The Scent of Sukkot — In a Bottle
Ayala Moriel , a Vancouver-based artisan natural perfumer is attracting some interesting attention this sukkot and it’s not for her sukkah. Moriel has bottled the scent of the holiday (or atleast it’s signature fruit) in her Etrog Oy de Cologne. The perfume is made by blending the essence of etrog or citron with smells of pomelo, Japanese mint, green myrtle, honey, lemon myrtle and frankincense.
The scent is one of the latest among the approximately 50 all-natural hand crafted fragrances Moriel has created for Ayala Moriel Parfums, the company she started in 2001. “It’s climbing fast onto my bestseller list. It’s nice to see something new so well received,” she said about the etrog cologne, which has more staying power than most citrus fragrances, which tend to dissipate quickly.
Although Moriel is known mainly for her botanical fragrances, some of which are considered by experts to be as refined as some of the classical European perfumes. She has also begun to expand her offerings to include perfumed tea and chocolates.
“It’s like adapting a short story into a movie” Moriel said of her process of producing food stuffs that correspond to her perfumes.
The teas are naturally perfumed with aromatic plants and spices. “You don’t just pour essential oils onto the tea leaves,” Moriel explained. “When blending teas, you really have to worry about taste, which is obviously not something I have to consider when I create my perfumes.” In particular, she needs to cut down on the number of ingredients in her four teas (for instance, there are 20 in her Charisma perfume, but only five in the corresponding tea). She also needs to consider which elements would be toxic if ingested. “It’s about simplifying the formula, about creating an accurate impression of the perfume in the tea.”
Moriel launched her line of perfumed chocolate bars in 2010 after initially introducing perfumed truffles in 2006, which she made herself by adding essential oils, extracts and liquors to chocolate ganache through “a lot of experimenting.” In her long search for a chocolate collaborator, she eventually found Rachel Sawatzky of CocoaNymph Chocolates and Confections. . The two artisans have worked together to create chocolate bars matching four of Moriel’s perfumes.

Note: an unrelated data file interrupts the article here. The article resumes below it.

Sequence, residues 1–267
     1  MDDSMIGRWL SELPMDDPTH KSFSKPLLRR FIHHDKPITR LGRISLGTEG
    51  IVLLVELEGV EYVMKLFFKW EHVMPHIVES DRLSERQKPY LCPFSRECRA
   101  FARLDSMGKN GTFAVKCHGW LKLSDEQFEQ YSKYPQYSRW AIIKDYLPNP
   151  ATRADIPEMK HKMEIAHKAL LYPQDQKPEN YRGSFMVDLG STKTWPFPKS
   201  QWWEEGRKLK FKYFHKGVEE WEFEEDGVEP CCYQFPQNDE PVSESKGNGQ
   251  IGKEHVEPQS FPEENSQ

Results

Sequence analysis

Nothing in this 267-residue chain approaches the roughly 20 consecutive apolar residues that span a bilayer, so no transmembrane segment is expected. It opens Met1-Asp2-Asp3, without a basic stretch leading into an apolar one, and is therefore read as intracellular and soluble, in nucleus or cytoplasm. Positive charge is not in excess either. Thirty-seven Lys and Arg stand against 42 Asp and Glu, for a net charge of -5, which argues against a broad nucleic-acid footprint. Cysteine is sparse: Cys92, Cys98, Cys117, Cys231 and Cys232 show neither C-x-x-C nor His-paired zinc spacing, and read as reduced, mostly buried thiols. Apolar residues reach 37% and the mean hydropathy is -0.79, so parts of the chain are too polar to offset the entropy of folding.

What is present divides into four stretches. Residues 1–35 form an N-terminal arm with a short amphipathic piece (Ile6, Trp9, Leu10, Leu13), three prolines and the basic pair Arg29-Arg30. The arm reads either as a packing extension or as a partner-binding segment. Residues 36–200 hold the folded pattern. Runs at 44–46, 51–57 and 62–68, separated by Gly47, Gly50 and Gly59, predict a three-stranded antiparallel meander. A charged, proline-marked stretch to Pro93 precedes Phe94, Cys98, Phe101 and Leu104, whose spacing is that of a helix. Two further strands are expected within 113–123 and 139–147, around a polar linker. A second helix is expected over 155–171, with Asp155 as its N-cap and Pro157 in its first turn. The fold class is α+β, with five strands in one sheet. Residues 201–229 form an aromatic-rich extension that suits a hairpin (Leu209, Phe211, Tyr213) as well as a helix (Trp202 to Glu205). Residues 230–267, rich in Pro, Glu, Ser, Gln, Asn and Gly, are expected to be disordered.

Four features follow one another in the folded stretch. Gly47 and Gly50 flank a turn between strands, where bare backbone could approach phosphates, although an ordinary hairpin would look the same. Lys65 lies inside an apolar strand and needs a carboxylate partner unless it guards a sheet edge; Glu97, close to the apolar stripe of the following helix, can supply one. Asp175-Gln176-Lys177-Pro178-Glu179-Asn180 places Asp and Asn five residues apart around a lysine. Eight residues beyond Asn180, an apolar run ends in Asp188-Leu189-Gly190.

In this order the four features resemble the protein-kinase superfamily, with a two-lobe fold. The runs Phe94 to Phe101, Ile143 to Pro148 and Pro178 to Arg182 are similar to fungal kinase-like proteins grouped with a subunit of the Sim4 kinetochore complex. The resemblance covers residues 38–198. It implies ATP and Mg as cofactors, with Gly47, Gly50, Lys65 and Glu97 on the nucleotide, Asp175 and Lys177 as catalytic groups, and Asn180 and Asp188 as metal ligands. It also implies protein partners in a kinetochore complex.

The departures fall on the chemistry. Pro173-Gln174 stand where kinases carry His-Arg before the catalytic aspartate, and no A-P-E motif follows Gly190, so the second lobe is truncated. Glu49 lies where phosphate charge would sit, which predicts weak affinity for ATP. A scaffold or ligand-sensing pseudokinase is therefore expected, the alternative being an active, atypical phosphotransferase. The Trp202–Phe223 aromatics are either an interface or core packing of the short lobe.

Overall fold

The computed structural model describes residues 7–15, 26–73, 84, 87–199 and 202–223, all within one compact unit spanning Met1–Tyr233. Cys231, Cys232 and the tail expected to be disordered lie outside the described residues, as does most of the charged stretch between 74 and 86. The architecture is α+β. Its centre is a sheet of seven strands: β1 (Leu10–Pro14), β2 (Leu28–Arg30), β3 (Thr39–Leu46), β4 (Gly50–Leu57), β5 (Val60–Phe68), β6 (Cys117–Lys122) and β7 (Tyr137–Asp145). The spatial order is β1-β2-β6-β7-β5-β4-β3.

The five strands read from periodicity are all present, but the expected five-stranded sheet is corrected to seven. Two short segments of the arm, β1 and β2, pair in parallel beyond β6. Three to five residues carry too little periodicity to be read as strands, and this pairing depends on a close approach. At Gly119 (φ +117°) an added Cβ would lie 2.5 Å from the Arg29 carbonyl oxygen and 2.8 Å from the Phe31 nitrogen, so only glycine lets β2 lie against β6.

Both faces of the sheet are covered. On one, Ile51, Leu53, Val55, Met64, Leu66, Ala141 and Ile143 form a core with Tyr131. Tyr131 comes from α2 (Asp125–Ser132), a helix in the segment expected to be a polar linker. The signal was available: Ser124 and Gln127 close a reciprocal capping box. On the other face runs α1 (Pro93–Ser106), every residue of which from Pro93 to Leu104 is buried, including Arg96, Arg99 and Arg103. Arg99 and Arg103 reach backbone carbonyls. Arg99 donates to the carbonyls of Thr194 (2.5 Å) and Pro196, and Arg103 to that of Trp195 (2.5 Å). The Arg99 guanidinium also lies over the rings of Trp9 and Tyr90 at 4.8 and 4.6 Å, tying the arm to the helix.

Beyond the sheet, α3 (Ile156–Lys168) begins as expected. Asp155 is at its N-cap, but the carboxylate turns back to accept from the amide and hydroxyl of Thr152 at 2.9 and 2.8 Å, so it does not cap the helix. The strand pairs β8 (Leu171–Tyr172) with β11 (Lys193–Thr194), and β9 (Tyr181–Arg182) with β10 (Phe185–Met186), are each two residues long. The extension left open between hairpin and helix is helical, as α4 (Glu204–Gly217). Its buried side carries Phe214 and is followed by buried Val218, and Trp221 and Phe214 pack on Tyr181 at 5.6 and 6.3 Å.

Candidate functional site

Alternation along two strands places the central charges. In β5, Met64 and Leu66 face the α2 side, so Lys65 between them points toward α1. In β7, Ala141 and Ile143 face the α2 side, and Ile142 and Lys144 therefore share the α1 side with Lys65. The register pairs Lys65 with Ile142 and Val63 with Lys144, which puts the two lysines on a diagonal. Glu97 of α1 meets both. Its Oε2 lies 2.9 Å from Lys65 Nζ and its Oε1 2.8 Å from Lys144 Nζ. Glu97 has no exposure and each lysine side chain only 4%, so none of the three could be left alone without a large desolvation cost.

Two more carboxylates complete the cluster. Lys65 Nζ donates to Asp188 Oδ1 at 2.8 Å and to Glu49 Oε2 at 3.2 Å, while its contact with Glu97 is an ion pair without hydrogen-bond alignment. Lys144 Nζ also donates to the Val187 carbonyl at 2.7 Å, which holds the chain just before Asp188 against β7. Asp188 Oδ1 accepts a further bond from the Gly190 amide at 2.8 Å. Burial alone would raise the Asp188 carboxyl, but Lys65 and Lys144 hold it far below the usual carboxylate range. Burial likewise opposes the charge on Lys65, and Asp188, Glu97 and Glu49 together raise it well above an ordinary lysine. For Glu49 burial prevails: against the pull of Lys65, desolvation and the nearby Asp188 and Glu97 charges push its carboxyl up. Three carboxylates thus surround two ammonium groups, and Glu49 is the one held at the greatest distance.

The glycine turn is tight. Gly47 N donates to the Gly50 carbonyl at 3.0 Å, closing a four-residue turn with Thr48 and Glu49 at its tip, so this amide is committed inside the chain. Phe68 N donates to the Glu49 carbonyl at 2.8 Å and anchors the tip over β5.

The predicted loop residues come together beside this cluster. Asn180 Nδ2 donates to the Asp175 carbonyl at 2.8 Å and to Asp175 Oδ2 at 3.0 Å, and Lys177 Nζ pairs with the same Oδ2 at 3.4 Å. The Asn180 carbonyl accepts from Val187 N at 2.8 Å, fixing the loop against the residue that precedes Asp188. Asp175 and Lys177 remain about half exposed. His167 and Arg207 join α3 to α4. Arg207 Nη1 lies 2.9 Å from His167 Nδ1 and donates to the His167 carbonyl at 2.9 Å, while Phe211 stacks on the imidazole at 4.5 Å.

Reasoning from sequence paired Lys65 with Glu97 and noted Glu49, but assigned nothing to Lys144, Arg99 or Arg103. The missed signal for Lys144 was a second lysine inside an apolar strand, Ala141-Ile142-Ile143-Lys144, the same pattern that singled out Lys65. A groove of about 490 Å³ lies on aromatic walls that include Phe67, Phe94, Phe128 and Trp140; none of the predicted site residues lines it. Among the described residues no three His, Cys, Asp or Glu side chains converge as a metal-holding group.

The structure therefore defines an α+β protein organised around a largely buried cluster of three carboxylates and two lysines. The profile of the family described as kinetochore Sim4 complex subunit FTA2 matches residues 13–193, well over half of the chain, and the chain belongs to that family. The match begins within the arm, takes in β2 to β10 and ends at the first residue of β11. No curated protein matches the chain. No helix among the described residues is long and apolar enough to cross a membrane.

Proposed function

The biggest challenge in making the chocolate bars was finding ways to create a taste that would echo a perfume’s smell without the use of liquid ingredients (such as Moriel used in her truffles). In her White Potion truffles, Moriel had used almond extract as a translation of the tonka bean, which is key to her White Potion perfume (the tonka bean, which smells like a combination of caramel, vanilla and bitter almond is carcinogenic and illegal for use in food in Canada). She and Sawatzky used crushed almond and coconut pieces instead for the bars.
“I really like to work with different mediums,” Moriel reflected. At this point, the teas and chocolates account for a relatively small portion of Moriel’s business, but she likes how they take her out of her comfort zone. “They help me push my boundaries and broaden my appreciation for other artisan cultures, and for the raw materials I work with.”
And, despite her new citron perfume’s popularity, it doesn’t look like there will be an etrog flavored tea or chocolate any time soon. The main issue would be sourcing of the main ingredient. Since there is no essential oil of citron available, Moriel had to painstakingly create her own etrog tincture for her perfume from fruits donated to her by family in Israel and fellow members of the Vancouver Jewish community. However, she did note that sourcing may become easier, since one of the only etrog farmers in North America, John Kirkpatrick of California’s San Joaquin Valley, recently heard about Moriel’s perfume and sent her some of his product.
And then there’s the matter of the perfumer’s discerning taste. “I’m personally not a fan of a lemony flavor and dark chocolate,” Moriel stated definitively. Then she mused that perhaps it would work with white chocolate. “Etrog would be beautiful in a tea,” she finally conceded.
"Sukkot is the reminder that it doesn't take two days or even two years to go from darkness to light. It might take an entire lifetime to get there and you have to constantly walk with the belief that it's possible."— Rabbi Sharon Brous
"Yom Kippur: God is our judge. Sukkot: God is our shelter. Yom Kippur: you sit cooped up for endless hours. Sukkot is about space and breath. Yom Kippur, it’s all about, ‘What have I done?’ And Sukkot is, ‘What can I do in the world?’"— Rabbi Naomi Levy